Data types – strengths and limitations

Data can take many forms, and is not limited to NAPLAN or HSC scores. Data encompasses teacher judgements, student work samples, classroom observation, and results of surveys, interviews or focus groups.

Quantitative and qualitative data

A combination of different types of data is most effective in generating powerful evidence to assess school performance and improve practice. Both quantitative and qualitative data have a place in evaluation.

  • quantitative data is any information that can be reduced to a set of numbers. Information from which you can create averages, differences or totals is quantitative data. This is particularly helpful for summarising large amounts of information in a snapshot, tracking trends over time and understanding patterns and differences from one group of participants to another.
  • Qualitative data is data that is not easily reduced to numbers. In a school setting, qualitative data may come from observations, work samples, conversations, written documents and more. Thematic analysis of qualitative data is helpful for exploring emerging issues, providing rich description and context about a complicated issue and building theories about what might explain trends and patterns in quantitative data. Qualitative data tends to help us answer questions about the ‘what’, ‘how’ and ‘why’ of a phenomenon, rather than questions of ‘how many’ or ‘how much’.

To read more about quantitative and qualitative data, go to the School Excellence Framework evidence guide.

Strengths and limitations

Every type and source of data has its own strengths and limitations.

  • quantitative data can only ever tell us part of the story. Even if we drill down through statistical analysis we can only analyse what has been captured, for example undertaking item-level analysis in NAPLAN results or looking at attendance trends for only a select group of students. This is why we often need qualitative data to provide context and insight into issues.
  • at the same time, it is important to avoid over-generalising from qualitative data, drawing conclusions about ‘all’ or ‘most’ people when we have really only heard from a few.
  • self-report data rely on people expressing their opinions or describing their own experiences, attitudes or behaviours. This method is great for empowering people to tell their story in their own words, but it also relies on memory and runs the risk of ‘social desirability bias’, which is the natural human desire not to ‘say the wrong thing’. In some cases, however, it is the only form of data that may be able to answer the evaluation question.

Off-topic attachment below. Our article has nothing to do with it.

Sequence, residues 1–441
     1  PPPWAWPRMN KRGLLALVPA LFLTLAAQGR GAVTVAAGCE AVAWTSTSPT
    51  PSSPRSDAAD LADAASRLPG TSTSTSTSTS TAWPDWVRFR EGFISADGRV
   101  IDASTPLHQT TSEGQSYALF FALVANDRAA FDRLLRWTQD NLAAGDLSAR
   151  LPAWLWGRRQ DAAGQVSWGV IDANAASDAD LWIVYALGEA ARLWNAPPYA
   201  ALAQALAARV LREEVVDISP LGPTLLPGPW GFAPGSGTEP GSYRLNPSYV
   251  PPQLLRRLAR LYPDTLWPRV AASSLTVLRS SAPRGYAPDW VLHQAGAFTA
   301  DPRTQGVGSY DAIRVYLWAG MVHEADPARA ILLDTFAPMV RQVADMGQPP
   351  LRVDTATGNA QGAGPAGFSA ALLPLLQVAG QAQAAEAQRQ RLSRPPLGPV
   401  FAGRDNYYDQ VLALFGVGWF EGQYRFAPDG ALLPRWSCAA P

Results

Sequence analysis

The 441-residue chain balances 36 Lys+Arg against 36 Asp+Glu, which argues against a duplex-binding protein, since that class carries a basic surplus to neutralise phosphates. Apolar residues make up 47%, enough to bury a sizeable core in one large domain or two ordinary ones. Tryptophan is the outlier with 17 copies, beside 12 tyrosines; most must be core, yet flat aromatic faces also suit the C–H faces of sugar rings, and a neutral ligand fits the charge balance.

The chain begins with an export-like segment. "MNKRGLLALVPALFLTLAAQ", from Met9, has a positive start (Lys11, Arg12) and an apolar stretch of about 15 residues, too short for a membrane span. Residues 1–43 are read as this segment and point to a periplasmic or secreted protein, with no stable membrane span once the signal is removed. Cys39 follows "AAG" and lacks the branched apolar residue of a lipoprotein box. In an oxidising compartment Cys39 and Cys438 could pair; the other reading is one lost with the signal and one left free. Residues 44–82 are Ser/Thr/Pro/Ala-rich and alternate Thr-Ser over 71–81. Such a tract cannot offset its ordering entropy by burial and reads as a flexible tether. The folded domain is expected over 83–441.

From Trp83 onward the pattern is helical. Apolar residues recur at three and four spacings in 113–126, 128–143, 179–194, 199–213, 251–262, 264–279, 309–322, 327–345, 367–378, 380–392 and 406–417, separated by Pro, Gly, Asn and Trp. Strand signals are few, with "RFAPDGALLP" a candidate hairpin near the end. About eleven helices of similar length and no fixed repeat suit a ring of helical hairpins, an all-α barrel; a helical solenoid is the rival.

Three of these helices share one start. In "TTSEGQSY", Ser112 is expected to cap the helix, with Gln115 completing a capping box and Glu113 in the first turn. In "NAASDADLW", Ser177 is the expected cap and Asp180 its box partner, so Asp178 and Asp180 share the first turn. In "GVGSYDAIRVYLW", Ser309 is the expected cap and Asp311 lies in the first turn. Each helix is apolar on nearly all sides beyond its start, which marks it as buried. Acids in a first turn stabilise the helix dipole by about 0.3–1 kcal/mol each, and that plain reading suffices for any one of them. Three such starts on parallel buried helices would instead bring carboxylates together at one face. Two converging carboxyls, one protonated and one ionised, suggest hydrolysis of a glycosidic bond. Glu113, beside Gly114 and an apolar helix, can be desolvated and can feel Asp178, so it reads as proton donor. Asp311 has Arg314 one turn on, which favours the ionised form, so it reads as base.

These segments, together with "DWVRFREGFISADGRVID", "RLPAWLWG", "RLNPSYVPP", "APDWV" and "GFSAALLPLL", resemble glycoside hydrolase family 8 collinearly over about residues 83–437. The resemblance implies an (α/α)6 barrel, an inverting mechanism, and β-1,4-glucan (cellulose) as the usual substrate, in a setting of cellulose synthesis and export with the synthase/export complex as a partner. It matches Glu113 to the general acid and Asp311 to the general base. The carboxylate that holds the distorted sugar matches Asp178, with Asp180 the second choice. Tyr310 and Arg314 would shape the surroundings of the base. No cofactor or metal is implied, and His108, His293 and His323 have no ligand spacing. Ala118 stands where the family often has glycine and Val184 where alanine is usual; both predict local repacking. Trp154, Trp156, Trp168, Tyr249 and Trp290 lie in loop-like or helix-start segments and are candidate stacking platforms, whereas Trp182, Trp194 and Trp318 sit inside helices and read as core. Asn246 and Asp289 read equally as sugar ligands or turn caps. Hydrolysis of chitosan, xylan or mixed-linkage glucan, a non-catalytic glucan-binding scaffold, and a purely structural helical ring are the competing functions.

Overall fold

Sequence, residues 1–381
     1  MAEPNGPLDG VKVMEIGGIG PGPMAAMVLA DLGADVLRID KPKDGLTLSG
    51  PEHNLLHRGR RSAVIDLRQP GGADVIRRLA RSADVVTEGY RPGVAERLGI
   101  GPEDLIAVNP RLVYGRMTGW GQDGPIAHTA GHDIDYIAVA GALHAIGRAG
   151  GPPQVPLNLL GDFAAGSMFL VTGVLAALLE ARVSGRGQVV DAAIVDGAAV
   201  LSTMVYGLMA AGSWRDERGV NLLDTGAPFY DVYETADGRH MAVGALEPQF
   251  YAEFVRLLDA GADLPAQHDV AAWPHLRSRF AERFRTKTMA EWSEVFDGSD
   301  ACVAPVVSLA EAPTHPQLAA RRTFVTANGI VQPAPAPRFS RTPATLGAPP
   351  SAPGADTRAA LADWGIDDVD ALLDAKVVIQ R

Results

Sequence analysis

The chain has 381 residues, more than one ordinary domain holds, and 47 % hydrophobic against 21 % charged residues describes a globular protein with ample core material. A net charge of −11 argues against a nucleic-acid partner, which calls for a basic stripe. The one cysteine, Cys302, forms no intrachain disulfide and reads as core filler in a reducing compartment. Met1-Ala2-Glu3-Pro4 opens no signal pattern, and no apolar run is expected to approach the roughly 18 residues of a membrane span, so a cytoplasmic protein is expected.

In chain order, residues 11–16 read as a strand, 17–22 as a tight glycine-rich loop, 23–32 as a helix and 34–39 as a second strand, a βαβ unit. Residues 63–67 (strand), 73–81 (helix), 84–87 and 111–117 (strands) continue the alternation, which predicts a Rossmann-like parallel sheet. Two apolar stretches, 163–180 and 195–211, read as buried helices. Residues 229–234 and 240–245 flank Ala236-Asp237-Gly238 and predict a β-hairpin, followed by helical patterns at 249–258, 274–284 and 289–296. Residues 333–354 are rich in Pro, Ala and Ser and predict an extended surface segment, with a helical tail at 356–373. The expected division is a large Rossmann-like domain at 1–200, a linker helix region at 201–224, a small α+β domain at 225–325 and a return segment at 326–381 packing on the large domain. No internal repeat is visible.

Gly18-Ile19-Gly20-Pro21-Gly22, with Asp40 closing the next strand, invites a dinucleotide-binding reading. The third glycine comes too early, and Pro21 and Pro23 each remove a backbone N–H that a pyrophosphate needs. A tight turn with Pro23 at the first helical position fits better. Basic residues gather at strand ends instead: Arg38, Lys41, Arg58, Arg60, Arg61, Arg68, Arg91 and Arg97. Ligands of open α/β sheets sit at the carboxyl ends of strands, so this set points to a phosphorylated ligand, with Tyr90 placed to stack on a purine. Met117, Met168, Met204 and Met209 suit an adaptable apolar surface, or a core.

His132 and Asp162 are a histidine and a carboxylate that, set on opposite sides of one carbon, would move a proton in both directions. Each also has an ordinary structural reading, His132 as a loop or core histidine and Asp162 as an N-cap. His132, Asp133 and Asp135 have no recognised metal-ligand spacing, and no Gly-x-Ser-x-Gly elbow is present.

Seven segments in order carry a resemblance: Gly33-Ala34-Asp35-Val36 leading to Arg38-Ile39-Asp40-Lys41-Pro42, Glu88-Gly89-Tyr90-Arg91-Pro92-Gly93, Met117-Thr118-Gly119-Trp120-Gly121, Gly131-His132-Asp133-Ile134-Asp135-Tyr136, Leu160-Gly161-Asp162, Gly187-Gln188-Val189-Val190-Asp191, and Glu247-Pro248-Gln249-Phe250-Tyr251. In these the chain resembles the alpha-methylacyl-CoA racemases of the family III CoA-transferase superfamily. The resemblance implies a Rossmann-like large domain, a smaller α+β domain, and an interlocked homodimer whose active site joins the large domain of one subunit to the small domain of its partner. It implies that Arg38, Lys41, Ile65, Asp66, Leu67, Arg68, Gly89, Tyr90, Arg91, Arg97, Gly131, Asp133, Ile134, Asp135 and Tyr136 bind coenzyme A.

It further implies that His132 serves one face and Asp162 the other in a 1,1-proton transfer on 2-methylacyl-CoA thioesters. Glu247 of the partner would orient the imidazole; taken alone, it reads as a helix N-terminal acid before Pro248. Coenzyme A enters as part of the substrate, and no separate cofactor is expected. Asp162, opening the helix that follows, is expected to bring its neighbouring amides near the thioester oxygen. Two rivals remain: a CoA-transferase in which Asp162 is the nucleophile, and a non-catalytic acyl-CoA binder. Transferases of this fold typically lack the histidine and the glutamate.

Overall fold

• independent observation or assessment avoids some of the problems of self-report data. However, there are some things that are very difficult to observe, such as people’s attitudes and feelings, and it can be easy to miss things or misinterpret what we see or hear. There are also times when people will behave differently because they know they are being observed or their work is being assessed. This kind of data also requires consistent analysis from one observer or assessor to the next, much like marking moderation.

Triangulation

Triangulation means working with multiple sources of data, with awareness of their strengths and limitations for specific purposes. The metaphor comes from orienteering: in order to locate ourselves on a map, we need to take our bearings from at least two reference points in the environment. Examples of triangulation in evaluation include:

  • surveys that ask a mix of scale questions (quantitative) and open-ended questions (qualitative)
  • student assessment tools that include free-text notes as well as standardised quantitative measures, for example, Best Start
  • asking different people about the same thing, for example getting feedback from students as well as teachers
  • corroborating self-report data with independent observation, for example about students’ mastery of a new skill, or teachers’ confidence with a new teaching practice.

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